15 Ways To Stay Connected To Your Long-Distance Tribe

Contributing Wellness & Beauty Editor By Lindsay Kellner
Contributing Wellness & Beauty Editor
Lindsay is a freelance writer and certified yoga instructor based in Brooklyn, NY. She holds a journalism and psychology degree from New York University. Kellner is the co-author of “The Spirit Almanac: A Modern Guide to Ancient Self Care,” with mbg Sustainability Editor Emma Loewe.
15 Ways To Stay Connected To Your Long-Distance Tribe

A friend once told me that friendship isn't just measured in time you spend together and that couldn't feel more true. It seems to happen more as we get older: We collect friends who live in different places, or ones who have lived nearby begin to move away. Or maybe you moved somewhere new and are totally homesick for your pals. In either scenario, you're not spending as much time with each other. While having friends in many places isn't inherently bad thing (a perfect excuse to travel), the daily grind can be tough without your tribe. There's nothing more healing than a glass of wine with your closest friends, after all.

Whether you just reunited over the holidays, over the course of a wedding, or haven't reconnected in a while, staying in touch with your tribe can be almost as healing as having them right here. Step 1 is making sure to communicate frequently, and Step 2 is doing so with thoughtfulness. We all know that without purpose, there's nothing more annoying than that group text.

Here are 13 ideas to stay close to your tribe long after you've said goodbye:

1. Tag them in a meme.

We know, we know. So millennial! But judiciously tagging your friend(s) in a meme could be a bright spot in a stressful day, or speak to an inside joke you all have and conjure a common memory. Warm fuzzies and a little levity never hurt anybody.


2. Send them a social media hug.

Interact with what they post! Especially if one of your pals had a bad day, there's nothing like a show of support from a friend or group of friends. Even more important, pat them on the back for their happy updates! It can seem grating if you're having a bad day, but there's enough good energy to go around for everyone.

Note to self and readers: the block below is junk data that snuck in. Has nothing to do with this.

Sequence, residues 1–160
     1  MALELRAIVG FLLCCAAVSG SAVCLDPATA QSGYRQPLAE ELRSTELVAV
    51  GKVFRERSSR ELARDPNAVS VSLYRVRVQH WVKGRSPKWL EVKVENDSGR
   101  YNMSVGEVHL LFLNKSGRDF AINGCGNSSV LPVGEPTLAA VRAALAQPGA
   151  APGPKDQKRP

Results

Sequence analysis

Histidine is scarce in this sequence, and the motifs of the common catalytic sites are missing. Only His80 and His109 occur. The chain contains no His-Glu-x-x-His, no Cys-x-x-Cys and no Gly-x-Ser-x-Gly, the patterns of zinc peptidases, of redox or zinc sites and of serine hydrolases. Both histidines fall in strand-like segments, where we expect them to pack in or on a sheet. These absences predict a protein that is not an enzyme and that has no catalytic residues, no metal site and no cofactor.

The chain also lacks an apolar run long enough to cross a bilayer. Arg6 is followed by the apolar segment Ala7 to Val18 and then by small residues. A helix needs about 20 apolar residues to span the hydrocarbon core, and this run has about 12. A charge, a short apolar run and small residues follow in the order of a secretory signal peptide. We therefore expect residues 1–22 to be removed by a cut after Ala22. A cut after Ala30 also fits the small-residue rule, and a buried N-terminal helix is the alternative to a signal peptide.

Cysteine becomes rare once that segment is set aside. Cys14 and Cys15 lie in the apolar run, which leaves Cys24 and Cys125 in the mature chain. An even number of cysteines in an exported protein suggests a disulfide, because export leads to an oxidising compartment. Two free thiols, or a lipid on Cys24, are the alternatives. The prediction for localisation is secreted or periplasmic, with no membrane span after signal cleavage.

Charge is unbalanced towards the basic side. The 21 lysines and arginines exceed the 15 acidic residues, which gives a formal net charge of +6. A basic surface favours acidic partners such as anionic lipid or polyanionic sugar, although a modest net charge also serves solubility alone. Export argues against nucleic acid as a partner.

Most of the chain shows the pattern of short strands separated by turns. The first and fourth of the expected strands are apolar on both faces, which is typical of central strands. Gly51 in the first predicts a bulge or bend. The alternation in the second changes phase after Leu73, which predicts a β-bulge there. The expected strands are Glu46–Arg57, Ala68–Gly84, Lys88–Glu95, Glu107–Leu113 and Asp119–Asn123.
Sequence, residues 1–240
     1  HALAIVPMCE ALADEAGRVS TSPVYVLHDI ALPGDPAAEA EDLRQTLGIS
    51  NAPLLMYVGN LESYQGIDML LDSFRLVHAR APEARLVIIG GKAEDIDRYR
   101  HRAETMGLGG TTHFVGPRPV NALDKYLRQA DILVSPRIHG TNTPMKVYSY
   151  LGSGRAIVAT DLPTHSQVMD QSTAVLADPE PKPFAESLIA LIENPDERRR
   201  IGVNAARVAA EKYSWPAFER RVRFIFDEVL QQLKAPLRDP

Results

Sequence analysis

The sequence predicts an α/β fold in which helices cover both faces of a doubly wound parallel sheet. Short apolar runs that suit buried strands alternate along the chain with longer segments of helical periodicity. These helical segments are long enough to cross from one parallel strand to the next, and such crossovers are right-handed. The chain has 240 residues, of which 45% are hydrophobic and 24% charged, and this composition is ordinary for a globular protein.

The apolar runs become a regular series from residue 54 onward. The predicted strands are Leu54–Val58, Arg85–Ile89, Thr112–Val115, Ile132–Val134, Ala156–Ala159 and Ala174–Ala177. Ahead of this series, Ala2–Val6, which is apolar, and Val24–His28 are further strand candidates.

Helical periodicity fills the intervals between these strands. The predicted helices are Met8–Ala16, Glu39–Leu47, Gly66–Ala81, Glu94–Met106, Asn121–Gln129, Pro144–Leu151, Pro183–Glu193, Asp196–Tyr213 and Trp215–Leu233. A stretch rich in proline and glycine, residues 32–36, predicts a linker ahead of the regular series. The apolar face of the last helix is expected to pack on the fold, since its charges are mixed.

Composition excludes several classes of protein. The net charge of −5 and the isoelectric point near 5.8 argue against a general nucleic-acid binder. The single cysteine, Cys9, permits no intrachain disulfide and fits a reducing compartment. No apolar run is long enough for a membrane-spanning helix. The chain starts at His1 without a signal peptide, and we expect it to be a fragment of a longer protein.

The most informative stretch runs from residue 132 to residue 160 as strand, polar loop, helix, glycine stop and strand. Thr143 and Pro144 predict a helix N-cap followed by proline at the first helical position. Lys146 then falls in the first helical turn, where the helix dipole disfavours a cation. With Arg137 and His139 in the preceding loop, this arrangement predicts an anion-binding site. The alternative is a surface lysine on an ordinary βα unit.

3. Host a virtual book club.

Decide on a frequency—we find that monthly or even quarterly works best—and read the same book at the same time. Whether you discuss it next time you're in person or share everything on an email thread, there's nothing like going through the same experience together and sharing your reactions.

4. Keep those email threads going.

Don't be the one who drops the ball! But if you are, own it and revive it or start a new one. In the same way it's nice to get snail mail, it's so nice to get emails that aren't trying to sell you something.


5. Get the same daily calendar.

We like this one, mainly because it's hilarious and relatable. Having a daily point of reference that's funny or thought-provoking will give you one more effortless way to feel connected, especially if it prompts a reach-out.

6. Create a hashtag for your tribe and use it often.

People do it for weddings, why not do it for friendships? Use it in tandem with wedding photos, group trips, or even posting photos that remind you of your pals. Pretty soon you'll have a little photo album on Instagram (or social media of your choosing) you can look at when you're missing them.